Maybe one day I’ll travel some more and will be able to return to vlogging. For now, I’ll be ok a break and I felt like it warranted an explanation.

Should I return to vlogging? Do you have any tips? Are you a vlogger yourself? Comment below!

Liam

Weekly Update: Results and Thoughts on SitC

This week was an eventful, but exciting one. First of all, on Thursday, I received my A-Level results. They were better than I expected and I’m thrilled to say that I will be studying Journalism at the University of Lincoln in September. Then, later that week, I went to this year’s Summer in the City.

 

For those who don’t know, Summer in the City is a UK convention for YouTubers or vloggers. Whilst, obviously, I am a blogger not a vlogger, that is not to say that I am not a fan of some of the creators that were there on Friday.

So on Friday, I was fortunate enough to volunteer for an organisation called Do Something. Throughout the day I was on their stall getting creators and visitors registered for a new campaign which Do Something are doing. The campaign is called ‘1 in 4 of us’, and is all about promoting positive and healthy relationships. You can find out more about the campaign here.

But as well as helping out Do Something, I also had some time to explore the convention itself. Even before I had entered the Excel, I bumped into my good friend Ollie. He is an amazingly talented photographer (take a look at his Twitter, Instagram and website) and was taking some photos at the event.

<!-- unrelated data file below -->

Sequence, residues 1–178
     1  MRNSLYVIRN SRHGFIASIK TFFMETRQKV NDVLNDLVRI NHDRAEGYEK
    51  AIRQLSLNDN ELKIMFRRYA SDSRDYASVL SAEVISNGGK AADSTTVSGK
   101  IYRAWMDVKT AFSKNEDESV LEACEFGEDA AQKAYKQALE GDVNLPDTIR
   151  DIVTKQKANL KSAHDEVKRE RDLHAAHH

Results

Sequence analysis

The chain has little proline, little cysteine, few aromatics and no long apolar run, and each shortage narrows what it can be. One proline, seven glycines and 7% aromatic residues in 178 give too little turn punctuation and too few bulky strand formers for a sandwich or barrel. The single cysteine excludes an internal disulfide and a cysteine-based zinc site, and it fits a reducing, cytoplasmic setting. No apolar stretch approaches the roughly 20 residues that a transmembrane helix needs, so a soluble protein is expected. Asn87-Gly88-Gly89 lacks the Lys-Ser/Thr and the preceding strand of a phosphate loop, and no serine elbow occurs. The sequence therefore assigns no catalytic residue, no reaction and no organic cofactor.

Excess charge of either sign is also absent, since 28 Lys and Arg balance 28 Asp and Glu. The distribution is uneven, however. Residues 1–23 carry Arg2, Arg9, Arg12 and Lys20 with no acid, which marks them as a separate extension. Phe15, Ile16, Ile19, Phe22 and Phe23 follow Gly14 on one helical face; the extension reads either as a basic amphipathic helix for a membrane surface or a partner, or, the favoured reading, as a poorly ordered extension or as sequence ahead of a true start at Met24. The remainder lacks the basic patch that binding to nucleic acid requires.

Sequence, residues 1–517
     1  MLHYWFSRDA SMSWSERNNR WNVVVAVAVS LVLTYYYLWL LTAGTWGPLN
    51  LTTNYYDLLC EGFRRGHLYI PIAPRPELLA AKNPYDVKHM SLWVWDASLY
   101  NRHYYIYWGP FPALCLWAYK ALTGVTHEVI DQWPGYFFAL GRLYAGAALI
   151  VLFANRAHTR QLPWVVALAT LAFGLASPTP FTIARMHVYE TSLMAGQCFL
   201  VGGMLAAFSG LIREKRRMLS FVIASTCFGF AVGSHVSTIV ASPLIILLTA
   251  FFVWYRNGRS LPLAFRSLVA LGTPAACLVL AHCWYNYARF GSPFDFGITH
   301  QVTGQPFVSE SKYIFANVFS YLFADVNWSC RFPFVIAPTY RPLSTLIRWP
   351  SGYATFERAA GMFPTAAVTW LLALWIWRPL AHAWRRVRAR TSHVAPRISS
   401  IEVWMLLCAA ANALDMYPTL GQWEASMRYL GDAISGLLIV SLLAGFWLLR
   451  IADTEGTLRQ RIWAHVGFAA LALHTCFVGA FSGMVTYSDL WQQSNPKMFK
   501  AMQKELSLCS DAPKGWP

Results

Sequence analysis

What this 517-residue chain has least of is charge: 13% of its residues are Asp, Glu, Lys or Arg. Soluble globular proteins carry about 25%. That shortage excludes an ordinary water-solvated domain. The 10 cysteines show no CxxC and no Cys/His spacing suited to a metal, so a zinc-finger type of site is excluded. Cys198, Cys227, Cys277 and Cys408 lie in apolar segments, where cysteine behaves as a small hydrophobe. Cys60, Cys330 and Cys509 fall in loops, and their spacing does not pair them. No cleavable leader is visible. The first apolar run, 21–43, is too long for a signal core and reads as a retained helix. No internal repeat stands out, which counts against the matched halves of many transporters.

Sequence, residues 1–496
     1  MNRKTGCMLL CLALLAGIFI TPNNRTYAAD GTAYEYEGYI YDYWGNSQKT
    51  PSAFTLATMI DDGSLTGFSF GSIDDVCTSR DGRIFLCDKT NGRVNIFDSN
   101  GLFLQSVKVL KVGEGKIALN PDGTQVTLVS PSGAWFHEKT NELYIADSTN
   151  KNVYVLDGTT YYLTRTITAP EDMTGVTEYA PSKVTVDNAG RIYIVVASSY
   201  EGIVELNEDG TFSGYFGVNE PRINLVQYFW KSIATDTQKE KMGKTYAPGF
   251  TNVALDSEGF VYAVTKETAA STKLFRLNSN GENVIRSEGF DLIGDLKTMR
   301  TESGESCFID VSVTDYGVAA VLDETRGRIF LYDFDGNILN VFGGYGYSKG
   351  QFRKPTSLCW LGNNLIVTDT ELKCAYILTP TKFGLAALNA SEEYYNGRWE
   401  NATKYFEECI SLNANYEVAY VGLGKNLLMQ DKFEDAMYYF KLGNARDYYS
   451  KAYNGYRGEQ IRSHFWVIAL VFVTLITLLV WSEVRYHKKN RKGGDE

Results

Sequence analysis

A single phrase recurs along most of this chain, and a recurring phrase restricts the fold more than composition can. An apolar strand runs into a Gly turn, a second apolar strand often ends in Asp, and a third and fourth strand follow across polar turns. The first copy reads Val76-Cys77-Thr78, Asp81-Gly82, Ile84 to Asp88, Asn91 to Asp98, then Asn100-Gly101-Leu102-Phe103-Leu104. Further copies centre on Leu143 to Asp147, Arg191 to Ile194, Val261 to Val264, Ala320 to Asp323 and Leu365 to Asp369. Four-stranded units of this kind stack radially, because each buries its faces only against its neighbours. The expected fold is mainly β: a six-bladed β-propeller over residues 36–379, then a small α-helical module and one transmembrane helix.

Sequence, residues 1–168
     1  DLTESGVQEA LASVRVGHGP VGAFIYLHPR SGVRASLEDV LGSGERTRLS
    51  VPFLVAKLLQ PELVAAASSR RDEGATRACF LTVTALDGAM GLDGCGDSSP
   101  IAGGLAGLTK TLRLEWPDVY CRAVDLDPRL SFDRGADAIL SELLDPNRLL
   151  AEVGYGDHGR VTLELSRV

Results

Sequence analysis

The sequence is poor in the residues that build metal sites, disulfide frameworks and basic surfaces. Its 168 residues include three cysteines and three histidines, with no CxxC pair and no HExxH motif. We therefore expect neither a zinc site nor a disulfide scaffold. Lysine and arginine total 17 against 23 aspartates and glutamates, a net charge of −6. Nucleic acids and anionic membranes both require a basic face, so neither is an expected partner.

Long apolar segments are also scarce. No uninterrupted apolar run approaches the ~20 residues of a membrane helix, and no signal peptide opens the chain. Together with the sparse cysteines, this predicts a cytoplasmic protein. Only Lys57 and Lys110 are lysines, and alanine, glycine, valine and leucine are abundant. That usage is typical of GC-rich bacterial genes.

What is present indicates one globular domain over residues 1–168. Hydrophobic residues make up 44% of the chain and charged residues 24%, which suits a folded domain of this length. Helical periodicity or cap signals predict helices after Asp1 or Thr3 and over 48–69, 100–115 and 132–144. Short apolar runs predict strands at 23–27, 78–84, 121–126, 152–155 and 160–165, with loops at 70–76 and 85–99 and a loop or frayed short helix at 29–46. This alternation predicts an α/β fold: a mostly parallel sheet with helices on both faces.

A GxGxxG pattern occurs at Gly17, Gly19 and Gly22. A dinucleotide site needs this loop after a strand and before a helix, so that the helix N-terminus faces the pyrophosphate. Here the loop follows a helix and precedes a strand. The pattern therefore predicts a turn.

Additionally, TomSka (creator of asdfmovie) had his stall situated opposite ours, so after a quick lunch break I popped over to say hello. There was no queue at the time so I was able to have a nice, friendly chat about writing, comedy and the University of Lincoln (since he also studied there, which is where I’ll be going) as well as getting an autograph and a picture. Whilst looking around at the other stalls I was also fortunate to bump into Luke Cutforth/Lukeisnotsexy and Gary C – both were really friendly as well and Gary even stopped by our Do Something stall for a moment, which was really cool.

On a separate note, Do Something were kind enough to let me use their Twitter to live-tweet a panel! As a budding journalist/PR manager I was thrilled and live-tweeted a talk by Simeon Quarrie called ‘How to make your videos rock’. It was such a fun experience and Simeon even retweeted one of my tweets later on in the day, which was good to see!